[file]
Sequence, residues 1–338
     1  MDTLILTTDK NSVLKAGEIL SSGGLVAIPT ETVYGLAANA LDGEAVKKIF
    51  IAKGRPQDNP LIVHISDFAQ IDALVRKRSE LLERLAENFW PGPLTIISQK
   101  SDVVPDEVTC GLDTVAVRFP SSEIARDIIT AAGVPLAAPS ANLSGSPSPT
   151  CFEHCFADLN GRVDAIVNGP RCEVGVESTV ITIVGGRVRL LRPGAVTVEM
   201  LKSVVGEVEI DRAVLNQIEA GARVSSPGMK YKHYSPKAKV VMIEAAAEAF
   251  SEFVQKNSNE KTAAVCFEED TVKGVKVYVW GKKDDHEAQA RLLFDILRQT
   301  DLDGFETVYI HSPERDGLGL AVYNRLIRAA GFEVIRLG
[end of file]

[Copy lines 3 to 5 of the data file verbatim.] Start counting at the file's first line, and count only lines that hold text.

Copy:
    51  IAKGRPQDNP LIVHISDFAQ IDALVRKRSE LLERLAENFW PGPLTIISQK
   101  SDVVPDEVTC GLDTVAVRFP SSEIARDIIT AAGVPLAAPS ANLSGSPSPT
   151  CFEHCFADLN GRVDAIVNGP RCEVGVESTV ITIVGGRVRL LRPGAVTVEM